Even though this series is not plagued by many of the ills that beset contemporary education, one should not be so naive as to think that they do not afford some very serious challenges to the fidelity of those wedded to the Biblical worldview. Before the advent of the dumbing down of our colleges resulting from the result of multiculturalism, most Christians going into the secular colleges understood that there was a serious intellectual challenge to the Christian faith that they would have to face if they were to remain intellectually vital in these institutions. The same challenge will face those who would glean from the teaching in these tapes. Even though it is far beyond the scope of this article to examine in detail the views put forward by each of the lecturers, I would like to give some general observations on the major ones.
S. Georgia Nugent (Princeton)- Nugent provides most of the lectures on the ancient Greek writers. In her light but engaging lecture style she is able to bring out the literary themes that are at the core of what makes the books a delight to read. Even thought she mentions an interest in feminist studies, this does not come out but in her necessary observations regarding the low place for and mistreatment of women in Greek society.
Michael Sugrue (Princeton)- Despite his nervous pacing and vivacious gesticulations, Sugrue’s content quickly draws one into the literary panoramas he lays out. He shows tremendous ability in expositing a book’s central themes, but he is a caricature of the hard-nosed skeptical intellectual out to champion the secularism found in writers such a Thucydides and Descartes. His heavy handed treatment of theological questions in his lecture on the book of Job make his lack of spiritual discernment painfully obvious. In his lecture on Pascal’s Pensees, he also shows a deep lack of understanding of Pascal’s Christian motivations; however, he does have a good number of helpful observations on the disagreements between Pascal and Descartes.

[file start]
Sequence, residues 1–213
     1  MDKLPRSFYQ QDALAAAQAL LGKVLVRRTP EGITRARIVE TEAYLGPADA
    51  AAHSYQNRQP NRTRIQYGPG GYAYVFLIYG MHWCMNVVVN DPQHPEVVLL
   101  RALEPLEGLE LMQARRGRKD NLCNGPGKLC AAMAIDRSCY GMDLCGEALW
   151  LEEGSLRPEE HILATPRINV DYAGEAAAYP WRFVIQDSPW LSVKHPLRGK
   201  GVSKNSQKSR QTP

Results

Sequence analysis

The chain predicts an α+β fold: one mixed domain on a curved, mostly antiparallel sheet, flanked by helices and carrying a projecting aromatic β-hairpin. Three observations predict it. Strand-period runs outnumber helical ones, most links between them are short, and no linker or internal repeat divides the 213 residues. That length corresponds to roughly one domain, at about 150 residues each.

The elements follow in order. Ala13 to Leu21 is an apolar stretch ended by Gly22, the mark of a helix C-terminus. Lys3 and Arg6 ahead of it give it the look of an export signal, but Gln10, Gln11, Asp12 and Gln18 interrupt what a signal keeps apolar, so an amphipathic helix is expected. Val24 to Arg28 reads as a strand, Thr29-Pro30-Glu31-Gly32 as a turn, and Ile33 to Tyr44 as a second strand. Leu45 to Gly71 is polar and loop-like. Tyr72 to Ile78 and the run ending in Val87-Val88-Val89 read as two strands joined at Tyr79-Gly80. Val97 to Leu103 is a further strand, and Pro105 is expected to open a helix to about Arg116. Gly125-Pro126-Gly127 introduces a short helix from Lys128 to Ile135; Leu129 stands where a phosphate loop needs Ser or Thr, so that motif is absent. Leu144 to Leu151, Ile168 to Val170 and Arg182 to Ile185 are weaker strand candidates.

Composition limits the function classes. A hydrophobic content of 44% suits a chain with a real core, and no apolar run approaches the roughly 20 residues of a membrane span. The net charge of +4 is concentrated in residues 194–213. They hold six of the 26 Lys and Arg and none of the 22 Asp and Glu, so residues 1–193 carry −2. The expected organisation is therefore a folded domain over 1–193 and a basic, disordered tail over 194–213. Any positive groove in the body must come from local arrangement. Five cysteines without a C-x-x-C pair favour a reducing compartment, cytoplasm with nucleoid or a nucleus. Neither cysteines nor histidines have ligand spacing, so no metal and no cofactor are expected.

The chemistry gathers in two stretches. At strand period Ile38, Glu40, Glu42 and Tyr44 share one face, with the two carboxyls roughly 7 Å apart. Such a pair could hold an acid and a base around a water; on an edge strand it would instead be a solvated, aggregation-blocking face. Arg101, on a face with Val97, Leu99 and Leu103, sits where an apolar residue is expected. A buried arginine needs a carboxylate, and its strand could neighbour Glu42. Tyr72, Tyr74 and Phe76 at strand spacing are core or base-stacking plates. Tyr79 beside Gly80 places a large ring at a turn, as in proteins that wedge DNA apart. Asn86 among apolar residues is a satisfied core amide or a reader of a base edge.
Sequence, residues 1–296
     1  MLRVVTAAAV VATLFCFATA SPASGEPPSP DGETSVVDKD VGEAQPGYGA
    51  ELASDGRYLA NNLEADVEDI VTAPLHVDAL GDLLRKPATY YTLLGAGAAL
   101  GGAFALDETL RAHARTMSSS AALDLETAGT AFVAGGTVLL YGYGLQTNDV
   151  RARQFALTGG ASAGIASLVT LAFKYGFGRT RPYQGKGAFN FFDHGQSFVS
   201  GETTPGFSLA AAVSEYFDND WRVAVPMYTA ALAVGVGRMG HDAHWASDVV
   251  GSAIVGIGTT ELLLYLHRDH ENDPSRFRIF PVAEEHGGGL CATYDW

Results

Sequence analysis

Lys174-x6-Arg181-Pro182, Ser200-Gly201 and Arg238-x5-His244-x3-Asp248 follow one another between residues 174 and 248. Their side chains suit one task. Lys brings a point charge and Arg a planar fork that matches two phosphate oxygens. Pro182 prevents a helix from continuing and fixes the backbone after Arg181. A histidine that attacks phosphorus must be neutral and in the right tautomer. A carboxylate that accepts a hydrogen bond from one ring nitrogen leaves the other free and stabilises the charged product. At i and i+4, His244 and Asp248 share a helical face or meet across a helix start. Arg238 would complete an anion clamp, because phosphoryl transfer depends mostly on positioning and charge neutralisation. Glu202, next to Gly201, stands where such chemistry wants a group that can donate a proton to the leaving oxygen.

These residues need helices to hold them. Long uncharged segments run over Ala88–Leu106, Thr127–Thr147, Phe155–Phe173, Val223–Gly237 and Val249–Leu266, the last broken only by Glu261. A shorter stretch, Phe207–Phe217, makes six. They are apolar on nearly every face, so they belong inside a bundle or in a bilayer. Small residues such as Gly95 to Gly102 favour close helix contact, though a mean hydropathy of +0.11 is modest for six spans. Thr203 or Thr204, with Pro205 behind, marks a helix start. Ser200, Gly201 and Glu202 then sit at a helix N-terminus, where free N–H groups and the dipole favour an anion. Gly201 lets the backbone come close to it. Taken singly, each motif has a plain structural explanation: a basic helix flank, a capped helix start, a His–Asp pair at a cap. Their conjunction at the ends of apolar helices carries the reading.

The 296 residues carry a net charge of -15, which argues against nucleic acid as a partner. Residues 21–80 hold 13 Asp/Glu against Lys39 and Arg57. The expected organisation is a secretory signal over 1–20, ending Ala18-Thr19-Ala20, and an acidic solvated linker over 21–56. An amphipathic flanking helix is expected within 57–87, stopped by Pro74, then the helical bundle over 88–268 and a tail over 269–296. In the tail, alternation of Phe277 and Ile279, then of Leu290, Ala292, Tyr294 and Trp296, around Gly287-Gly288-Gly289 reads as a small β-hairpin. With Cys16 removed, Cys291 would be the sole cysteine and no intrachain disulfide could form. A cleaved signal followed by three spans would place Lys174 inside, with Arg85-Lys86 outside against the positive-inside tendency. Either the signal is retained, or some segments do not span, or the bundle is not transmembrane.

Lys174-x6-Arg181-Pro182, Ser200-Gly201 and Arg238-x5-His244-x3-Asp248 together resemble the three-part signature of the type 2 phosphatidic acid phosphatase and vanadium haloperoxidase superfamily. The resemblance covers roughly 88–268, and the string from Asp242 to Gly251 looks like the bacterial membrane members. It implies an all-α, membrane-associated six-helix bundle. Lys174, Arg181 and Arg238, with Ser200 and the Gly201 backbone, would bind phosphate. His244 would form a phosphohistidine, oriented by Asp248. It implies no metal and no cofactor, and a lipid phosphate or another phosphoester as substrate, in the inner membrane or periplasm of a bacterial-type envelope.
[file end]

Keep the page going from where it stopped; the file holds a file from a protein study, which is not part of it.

Arnold Weinstein (Brown)- Weinstein’s introductory lecture to the series is almost enough to set one against the rest of the tapes to come. Weinstein is a thoroughly modern man whose vague attempts to find a justification for the study of literature could almost be a casebook example for the unprincipled wide-eyed liberal attempting to pull moral phrases out of his own vacuous psyche. He shows a disconcerting ability to find Freudian metaphors throughout the literature he lectures on, no matter what the period. His lectures on modern literature show the fruits of what is obviously his expertise; however, his lectures on the earlier literature have a chaff to wheat ratio that is so high that they are often not worth the struggle of listening. One thing that can be said in his favor is that he is so boring to listen to that you need have little fear your children would pay him attention long enough to suffer the ill effects of his teaching.

If you are interested in finding something to put your student in front of while you do the laundry, these tapes will not prove the “child-safe” diversion that you might hope for; however, for those who are willing to take up the hard work of cultural discernment, these tapes offer a remarkable opportunity to acquiant oneself with the works the have shaped our culture’s intellectual history.

**Please note**
This series is only available in audio format now.